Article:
If this is the first time you’ve got more than one child playing sports each season welcome to the family! There are dozens of practices and games to make, team dinners to plan, fundraisers to organize, away tournaments to get to, and more. Managing a multi-athlete family may require a little more planning than you suspect, so here are three tips to make it through the season.
Get your calendar organized at the beginning of the season.
Any sport parent can tell you that balancing one youth sports schedule with school, family vacations, doctor’s appointments, and work events is hard enough. Trying to manage two or three schedules each season is practically impossible without a little planning. Talk with other parents about carpooling, figure out which games you’ll attend throughout the season (what happens if both kids have a game at the same time on opposite sides of town?), if you have to provide half-time snacks on certain days, what weekends you have to travel, and so forth.
Most coaches have rules regarding attendance, so you don’t want your child to miss too many practices and then be benched for the next game because you didn’t arrange a ride for them. While life happens and sometimes you’re running late (which most coaches understand, they’re parents too after all), if it starts to become a habit it’s very disrespectful to the coach and the team.
Don’t compare one child’s performance to another.
There is always going to be a little competition between siblings, especially if they are both playing the same sport. It’s important that as parents we do our best to not compare one child’s performance to another. If your oldest son is a superstar baseball player and his little brother is struggling every time he steps up to bat chances are he doesn’t need to be reminded how much like his big brother he’s not. What you say and what our kids hear can be two very different things, and if one child gets all the praise for their athletic performance and the other gets nothing (or worse, just a lot of negative comments), it might be interpreted as you loving one child more than another, or that your love is inherently tied to sports. Not to say that you have to artificially boost your child’s ego, but just be aware of how you talk to one child compared to another.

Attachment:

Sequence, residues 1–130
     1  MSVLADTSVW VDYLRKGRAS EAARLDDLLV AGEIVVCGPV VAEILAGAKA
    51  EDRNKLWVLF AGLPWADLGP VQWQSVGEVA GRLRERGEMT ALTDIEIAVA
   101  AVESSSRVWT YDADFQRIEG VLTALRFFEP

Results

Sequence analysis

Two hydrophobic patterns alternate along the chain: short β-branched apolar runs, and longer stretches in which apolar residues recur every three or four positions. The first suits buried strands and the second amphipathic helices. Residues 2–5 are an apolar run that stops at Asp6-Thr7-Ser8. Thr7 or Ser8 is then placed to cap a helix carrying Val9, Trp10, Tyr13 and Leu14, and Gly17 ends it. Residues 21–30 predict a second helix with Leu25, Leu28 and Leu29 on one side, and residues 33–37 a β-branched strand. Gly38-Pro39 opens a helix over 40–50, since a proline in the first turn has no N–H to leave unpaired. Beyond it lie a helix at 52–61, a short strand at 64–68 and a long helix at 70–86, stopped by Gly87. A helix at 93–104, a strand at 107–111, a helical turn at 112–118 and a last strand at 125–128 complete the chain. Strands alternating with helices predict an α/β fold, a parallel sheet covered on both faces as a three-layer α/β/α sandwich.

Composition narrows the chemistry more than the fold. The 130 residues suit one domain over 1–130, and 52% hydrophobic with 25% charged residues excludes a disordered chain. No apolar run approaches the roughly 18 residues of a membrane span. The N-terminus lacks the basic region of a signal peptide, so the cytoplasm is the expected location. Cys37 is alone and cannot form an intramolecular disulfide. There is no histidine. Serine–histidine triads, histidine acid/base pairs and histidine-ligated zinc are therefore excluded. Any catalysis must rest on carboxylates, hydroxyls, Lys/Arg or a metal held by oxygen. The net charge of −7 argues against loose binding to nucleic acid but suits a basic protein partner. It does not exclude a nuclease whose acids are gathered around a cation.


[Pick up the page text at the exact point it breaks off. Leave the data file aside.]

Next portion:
Buy used sporting gear when possible.
If your child has played even one season of sports you know just how much new gear can caught. Even in soccer, which has relatively little equipment, buying new gear each season can get very expensive. If you are trying to manage your budget in a multi-athlete home start your season by shopping at used sporting goods store. You could also talk with other sports parents and see if they have some season-old hand-me-downs that will fit your children. If you’re feeling extra inspired you could even help organize a league-wide gear swap to help other parents find new-to-them gear for cheap.